the Lower House; age 58.

(9) Kisha no Me (Reporter's Eye) column: Difference of stances
between former Defense Minister Kyuma and former Mayor of Nagasaki
City Motoshima over the use of atomic bombs

MAINICHI (Page 6) (Abridged)
July 11, 2007

Nobuyuki Yokota

Fumio Kyuma (66), a member of House of Representatives elected from
the atom-bombed city of Nagasaki, stated in a speech on June 30 that

TOKYO 00003164 002 OF 006


the use of atom bombs "couldn't be helped." Three days later he
resigned from the post to take the responsibility for that
controversial comment. I think it was only natural for Kyuma to
resign from the post for his remark lacked any understanding of
history.

Meanwhile, there is someone who likewise has stated for nearly 10
years that the dropping of atom bombs "couldn't be helped." That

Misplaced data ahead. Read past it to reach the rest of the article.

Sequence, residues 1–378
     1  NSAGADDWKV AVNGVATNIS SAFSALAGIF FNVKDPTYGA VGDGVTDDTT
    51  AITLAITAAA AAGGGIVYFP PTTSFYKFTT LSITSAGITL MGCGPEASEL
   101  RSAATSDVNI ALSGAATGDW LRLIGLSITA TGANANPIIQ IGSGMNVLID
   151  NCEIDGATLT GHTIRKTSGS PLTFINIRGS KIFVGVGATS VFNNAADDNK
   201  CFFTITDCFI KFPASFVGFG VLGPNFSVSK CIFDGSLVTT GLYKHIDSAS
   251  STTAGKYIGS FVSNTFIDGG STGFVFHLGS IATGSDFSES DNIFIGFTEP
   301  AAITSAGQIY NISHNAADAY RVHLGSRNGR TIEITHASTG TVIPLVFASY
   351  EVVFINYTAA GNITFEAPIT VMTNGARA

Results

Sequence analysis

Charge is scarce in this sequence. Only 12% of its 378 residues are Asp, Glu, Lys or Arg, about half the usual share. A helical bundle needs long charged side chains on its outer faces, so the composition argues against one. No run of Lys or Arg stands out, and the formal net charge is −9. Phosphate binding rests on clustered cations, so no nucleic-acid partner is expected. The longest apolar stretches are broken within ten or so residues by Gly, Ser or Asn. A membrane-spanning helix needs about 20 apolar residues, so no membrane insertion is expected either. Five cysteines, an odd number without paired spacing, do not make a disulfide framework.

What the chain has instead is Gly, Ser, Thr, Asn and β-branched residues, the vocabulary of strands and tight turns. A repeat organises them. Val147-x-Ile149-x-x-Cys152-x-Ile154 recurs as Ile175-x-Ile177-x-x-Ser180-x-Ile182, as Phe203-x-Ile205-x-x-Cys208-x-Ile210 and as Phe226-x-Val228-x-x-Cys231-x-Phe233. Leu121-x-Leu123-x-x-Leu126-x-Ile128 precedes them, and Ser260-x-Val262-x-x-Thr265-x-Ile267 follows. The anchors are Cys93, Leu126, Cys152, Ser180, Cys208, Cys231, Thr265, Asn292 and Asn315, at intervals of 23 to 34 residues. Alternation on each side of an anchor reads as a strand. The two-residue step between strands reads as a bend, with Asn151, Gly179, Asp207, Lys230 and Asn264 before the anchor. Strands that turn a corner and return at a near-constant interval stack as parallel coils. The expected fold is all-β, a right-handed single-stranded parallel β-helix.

person is Hitoshi Motoshima (85), who served as mayor of Nagasaki
City from 1979 through 1995. The expressions used by the two were
the same, but their positions and why they use that particular
expression differs. By making a comparison between the two, I am
going to shed light on how Japan has been perfunctory to date in
understanding history regarding the dropping of atomic bombs and
assuming its war responsibility.

Motoshima started as a socialist politician belonging to the Japan
Socialist Party but he later shifted to the Liberal Democratic Party
(LDP). Having served as a prefectural assembly member for five
terms, he was then elected mayor. As a mayor, he stated in 1988
before a prefectural assembly session: "The Emperor was responsible
for the war." In 1990, he was shot by a senior rightist organization
member only narrowly surviving.